I have always prided myself on not being a helicopter parent. I don’t hover over them when play outside or chase them around a playground. I let them solve their own friendship quarrels and ignore their tattle tales. I’m always here for them for advice and support, but I’d rather let them trip up and teach them how to fix their mistakes than solve all their problems for them and give them the wrong sense of how the world works.
And then came homework.
How did school go from this place kids go to learn to this ultra-competative, stress-factory where every grade determines your child’s future success in life, and is therefore a reflection of good of a parent you are. I blame those damn bumper stickers. “My kid’s on honor roll” is somehow a guarantee you won’t have a 28-year-old living in your basement playing an online shooter games, screaming up at you to refill his chips.
I so wanted to be that parent who just let the kids do their homework, turn it in and let the grades fall where they may. I know, in my heart, that the only way for them to truly have ownership over their grades is for them to receive what they earned through their own accomplishments. But somehow, letting them take a hit academically was so much harder for me to let happen. In my own defense, I am one of those people who always obsessed about getting a good grade, actually beating myself up if I missed one problem on a test.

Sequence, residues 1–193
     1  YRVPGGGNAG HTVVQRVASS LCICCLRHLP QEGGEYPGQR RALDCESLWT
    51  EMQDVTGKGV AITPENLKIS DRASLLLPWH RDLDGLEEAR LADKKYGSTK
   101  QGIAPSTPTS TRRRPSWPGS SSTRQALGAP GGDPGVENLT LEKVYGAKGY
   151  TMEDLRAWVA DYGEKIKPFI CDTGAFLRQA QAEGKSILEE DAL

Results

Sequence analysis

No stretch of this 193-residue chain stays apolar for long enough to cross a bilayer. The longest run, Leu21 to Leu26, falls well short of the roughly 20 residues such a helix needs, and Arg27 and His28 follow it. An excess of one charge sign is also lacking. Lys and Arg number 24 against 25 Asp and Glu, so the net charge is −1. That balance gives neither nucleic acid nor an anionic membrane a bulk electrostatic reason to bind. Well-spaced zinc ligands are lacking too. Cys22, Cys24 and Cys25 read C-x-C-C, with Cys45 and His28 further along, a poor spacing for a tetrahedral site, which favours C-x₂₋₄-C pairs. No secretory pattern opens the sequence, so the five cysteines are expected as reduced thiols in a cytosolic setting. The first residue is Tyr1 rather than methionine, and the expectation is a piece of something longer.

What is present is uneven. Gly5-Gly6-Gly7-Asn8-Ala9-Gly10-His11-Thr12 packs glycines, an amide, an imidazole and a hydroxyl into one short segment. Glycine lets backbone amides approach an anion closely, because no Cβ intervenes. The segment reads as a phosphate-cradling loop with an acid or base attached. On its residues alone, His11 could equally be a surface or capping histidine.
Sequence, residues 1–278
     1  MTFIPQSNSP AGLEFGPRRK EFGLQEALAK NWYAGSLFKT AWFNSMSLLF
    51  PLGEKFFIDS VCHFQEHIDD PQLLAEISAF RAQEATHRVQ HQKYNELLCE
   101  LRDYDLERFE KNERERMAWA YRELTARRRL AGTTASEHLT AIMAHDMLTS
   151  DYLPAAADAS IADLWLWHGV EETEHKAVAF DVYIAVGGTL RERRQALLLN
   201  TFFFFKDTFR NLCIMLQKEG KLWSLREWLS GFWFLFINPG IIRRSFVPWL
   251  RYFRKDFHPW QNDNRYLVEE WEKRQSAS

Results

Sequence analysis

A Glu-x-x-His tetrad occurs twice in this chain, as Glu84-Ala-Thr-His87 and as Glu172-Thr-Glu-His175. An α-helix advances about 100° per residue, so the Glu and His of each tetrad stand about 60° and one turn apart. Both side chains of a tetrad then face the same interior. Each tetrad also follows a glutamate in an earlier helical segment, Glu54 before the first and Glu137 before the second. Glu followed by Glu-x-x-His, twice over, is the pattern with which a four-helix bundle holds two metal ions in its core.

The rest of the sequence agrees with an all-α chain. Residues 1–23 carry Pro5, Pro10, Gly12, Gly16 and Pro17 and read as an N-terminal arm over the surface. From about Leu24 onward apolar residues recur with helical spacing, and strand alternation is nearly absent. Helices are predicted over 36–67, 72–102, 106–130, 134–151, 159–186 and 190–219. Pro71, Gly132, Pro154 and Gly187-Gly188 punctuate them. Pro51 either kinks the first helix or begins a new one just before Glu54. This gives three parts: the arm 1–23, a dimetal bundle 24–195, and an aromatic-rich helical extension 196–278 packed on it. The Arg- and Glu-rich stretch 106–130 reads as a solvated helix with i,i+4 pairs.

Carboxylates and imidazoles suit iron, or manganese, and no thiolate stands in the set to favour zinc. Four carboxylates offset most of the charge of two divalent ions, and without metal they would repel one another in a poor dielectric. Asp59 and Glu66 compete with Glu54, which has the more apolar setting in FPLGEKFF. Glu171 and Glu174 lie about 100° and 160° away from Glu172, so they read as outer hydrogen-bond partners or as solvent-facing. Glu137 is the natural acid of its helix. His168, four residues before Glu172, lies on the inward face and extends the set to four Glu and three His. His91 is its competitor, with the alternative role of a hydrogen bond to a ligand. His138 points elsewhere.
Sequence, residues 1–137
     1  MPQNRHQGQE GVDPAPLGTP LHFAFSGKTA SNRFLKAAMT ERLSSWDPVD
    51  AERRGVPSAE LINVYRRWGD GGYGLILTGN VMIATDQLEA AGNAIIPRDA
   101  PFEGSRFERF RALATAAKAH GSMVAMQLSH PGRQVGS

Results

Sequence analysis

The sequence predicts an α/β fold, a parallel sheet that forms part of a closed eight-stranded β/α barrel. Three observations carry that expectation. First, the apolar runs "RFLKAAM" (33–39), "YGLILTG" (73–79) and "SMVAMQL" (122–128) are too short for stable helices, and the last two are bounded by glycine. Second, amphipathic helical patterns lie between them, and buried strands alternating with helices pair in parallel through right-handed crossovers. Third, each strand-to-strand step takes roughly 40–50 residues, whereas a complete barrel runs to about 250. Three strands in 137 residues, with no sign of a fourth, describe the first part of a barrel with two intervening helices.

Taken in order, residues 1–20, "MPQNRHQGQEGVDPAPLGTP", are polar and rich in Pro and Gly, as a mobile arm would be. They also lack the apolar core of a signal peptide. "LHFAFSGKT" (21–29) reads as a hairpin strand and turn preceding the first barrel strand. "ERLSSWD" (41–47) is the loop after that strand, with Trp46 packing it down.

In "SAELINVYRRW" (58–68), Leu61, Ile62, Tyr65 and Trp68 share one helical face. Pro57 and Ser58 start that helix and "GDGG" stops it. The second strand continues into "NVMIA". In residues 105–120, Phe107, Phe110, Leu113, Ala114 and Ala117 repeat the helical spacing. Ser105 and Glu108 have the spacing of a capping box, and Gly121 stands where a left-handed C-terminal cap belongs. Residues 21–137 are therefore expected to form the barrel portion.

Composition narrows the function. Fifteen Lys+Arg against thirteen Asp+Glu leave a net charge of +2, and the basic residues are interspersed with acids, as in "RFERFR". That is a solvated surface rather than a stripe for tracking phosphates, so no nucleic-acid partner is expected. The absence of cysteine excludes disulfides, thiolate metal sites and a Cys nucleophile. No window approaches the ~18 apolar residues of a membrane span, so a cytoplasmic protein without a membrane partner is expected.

It started innocently enough. They would do their work, and I would look it over. “Hey, number 2 and 4 are wrong.” “You’re missing part of the information on number 7.” My kids work was usually ok, but there were things here and there that could be tweaked to make the assignments better, the answers a little more in-depth. My good ol’ perfectionist tendencies kicked in, and I went a little crazy. I found myself saying things like, “What do we have for homework tonight,” and nagging about effort and grades. On top of that, I began dreading coming home to the homework, the battles, and the ensuing lectures.
That’s when the epiphany happened. I realized that the more time and energy I spent ‘helping’ my kids with their homework, the worse their attempts at the homework got. It’s like they knew that mom was going to strap on her cape after school and fix everything for them, so they stopped making a good first effort.
My attempt to ‘rescue’ them from failing, taught them stop giving it their all.
Message received loud and clear. Today I turned in my helicopter keys and exited aircraft. I love my children and I know that they are capable of doing their own work. I know that my value and ability as a parent is not tied to a math assignment and the best thing I can do for them is to let them succeed or fail on their own merit, standing beside them to support them along the way.